SEOUL – South Korea’s newest celebrity took an unusual route to the nation’s TV screens — years spent working his way up through the ranks of North Korea’s diplomatic corps, followed by months secluded in the custody of the rival South’s spy agency.
Since his release, Thae Yong Ho, the former North Korean deputy ambassador to London, has spent the first week of the new year speaking on South Korean variety shows, joking with fellow defectors and espousing South Korea’s line that the North Korean government he once defended is unstable and doomed to fail.
In a further propaganda coup for Seoul, the gregarious Thae, newly granted South Korean citizenship following his high-profile August defection, is embracing life in the capitalist South as a public figure.
On a talk show called “Now On My Way to Meet You,” which features young, usually female, defectors from the isolated North, a video interview between Thae and a panelist was introduced as a chat with the “British gentleman-like Thae Yong Ho.”
The 54-year-old Thae spoke of some of his motivations for switching sides between rivals that remain technically at war since the 1950 to 1953 Korean War ended in a truce, not a peace treaty.
“On the day we left the embassy and stepped outside, I told my children, from this moment on, as a father, I am breaking you free from your shackles,” Thae said on another show. “Now it’s up to you.”
Thae is the highest-ranking official to have fled North Korea for the South since the 1997 defection of Hwang Jong Yop, the brains behind North Korea’s governing ideology, which combines Marxism with extreme nationalism.
By contrast, Hwang made very few public appearances and lived in constant fear of assassination until he was found dead in his bathtub — from natural causes — 13 years later.
His fears were not without some foundation — the year he arrived in South Korea another prominent defector, Yi Han Yong, was shot dead by suspected North Korean assassins, and shortly after Hwang died South Korean authorities said they had arrested an agent of Pyongyang who had been planning to kill him.
During his years in the South, Hwang was extremely cautious in public. Surrounded by security staff, he was reported to never touch a glass of water put in front of him at an event.
“The fundamental difference is that Thae is just more laid-back and arguably less self-important,” said Michael Madden, a U.S.-based expert on the North Korean leadership.
“That might be due to Hwang’s background as a philosophy professor and senior ideology official, whereas Thae was more of a schmoozer.”
Thae, who remains under the protection of South Korea’s National Intelligence Service (NIS), said he does not fear for his safety in South Korea, and works at an NIS think tank that employs many elite former North Koreans.
When Thae’s defection was announced, the South Korean government said he had fled over dissatisfaction with the rule of Kim Jong Un.
But he also had two university-age sons living with him and his wife in London, where one had earned a place at a prestigious college.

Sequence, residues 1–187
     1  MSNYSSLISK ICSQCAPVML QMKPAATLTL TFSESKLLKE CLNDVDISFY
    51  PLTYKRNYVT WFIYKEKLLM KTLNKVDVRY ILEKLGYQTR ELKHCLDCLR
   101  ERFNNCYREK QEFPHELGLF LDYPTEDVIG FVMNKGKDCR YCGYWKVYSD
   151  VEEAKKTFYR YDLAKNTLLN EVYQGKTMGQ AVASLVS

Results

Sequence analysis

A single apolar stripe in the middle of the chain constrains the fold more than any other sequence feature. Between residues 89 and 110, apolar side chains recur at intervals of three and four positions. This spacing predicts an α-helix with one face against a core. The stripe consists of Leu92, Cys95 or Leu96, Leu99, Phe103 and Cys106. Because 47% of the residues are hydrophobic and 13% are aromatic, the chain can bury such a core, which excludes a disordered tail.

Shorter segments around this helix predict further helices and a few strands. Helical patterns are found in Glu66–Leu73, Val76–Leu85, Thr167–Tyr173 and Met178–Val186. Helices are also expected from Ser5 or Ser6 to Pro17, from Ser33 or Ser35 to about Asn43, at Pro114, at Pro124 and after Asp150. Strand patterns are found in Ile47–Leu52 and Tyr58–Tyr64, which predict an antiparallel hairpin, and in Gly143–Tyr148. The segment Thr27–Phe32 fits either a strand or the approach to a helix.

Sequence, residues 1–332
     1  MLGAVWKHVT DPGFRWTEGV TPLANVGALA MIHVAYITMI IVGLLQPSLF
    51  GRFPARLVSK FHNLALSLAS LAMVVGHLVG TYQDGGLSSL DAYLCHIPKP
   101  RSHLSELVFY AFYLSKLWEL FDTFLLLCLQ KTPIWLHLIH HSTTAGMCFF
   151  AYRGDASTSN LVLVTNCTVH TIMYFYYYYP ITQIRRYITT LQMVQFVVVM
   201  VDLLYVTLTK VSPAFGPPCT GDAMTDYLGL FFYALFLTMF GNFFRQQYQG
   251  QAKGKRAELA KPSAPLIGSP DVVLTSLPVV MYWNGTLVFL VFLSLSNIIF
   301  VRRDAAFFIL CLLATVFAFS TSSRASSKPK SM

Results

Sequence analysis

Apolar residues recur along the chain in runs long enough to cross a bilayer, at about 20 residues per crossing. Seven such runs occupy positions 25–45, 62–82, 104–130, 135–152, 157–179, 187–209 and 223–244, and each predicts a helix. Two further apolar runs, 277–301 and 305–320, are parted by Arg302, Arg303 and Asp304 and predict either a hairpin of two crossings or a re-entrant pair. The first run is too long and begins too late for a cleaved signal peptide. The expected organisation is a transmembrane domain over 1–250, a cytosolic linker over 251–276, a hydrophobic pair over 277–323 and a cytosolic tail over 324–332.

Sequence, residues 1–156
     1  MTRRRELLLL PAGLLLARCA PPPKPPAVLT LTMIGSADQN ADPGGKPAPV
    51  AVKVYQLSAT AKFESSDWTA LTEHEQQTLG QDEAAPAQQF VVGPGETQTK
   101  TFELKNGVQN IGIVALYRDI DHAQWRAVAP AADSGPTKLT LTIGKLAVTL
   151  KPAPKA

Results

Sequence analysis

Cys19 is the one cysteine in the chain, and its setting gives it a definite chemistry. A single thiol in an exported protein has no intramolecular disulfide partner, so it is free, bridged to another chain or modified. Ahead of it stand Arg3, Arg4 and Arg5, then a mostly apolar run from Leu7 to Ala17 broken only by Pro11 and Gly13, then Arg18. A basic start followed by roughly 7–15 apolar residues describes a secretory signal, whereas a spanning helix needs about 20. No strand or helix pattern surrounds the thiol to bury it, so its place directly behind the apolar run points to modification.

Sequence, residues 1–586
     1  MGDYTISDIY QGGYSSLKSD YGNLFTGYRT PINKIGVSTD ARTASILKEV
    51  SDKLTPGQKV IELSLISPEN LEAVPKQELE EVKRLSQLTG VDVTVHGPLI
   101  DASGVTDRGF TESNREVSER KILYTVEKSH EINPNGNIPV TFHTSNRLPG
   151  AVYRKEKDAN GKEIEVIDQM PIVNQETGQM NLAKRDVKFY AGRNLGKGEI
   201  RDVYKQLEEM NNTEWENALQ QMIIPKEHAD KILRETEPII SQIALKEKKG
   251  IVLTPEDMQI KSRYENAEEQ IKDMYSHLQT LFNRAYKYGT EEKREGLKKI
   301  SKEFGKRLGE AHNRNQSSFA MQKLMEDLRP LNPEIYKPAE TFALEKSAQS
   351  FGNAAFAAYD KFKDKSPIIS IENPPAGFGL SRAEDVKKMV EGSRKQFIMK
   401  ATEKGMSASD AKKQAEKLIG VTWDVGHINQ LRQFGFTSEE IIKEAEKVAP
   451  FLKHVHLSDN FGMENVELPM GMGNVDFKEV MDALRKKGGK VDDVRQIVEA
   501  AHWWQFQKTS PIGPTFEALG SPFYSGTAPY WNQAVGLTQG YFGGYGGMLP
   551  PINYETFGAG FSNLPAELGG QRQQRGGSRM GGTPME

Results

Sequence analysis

“We can’t send our boys back to North Korea,” Thae quoted his wife as saying in one recorded interview with a panel show.
Relations between North and South Korea have been especially strained in recent years, with Seoul making renewed efforts to put pressure on Pyongyang’s diplomatic allies.
A spokesman for the NIS told Reuters it could not comment on any official future plans that may involve Thae.
There are other well-known North Korean defectors who speak English and have international book deals.
Many hail from rural areas bordering China and brought heart-wrenching stories of victimhood and escape.
Thae, however, is from Pyongyang’s elite, speaks near-perfect English with a British accent, and is known to be charming, urbane and charismatic.
“Thae has huge potential in terms of being a defector spokesman and icon,” said Sokeel Park of LiNK, an organization working with defectors.
During an interview with broadcaster MBN, Thae was asked about the difference between North and South Korean TV studios.
“Media control is especially strict. When someone shows up at a studio, questions and answers are agreed upon in advance, and a few practice sessions are filmed before the whole thing is reviewed by the propaganda department.”
Daily life in North Korea at times resembles a scripted TV set, Thae said.
On a show featuring defectors called the “Moranbong Club,” Thae said he had watched the program when he was working as a diplomat in London after searching “North Korea,” in Korean, on YouTube.
He said he had recognized another defector panelist on the show, which typically pays its participants for appearances.
“I told my family that I used to do night shifts with this man!” Thae said, gesturing toward Han Jin-myeong, who replied that Thae, who outranked him at Pyongyang’s foreign ministry, had sworn at him at the time for not doing his duty properly.
Producers then used visual effects to superimpose North Korean military uniforms on both men.
“Why did you swear at him?” the presenter asked.
“I can’t say here!,” said Thae, laughing.
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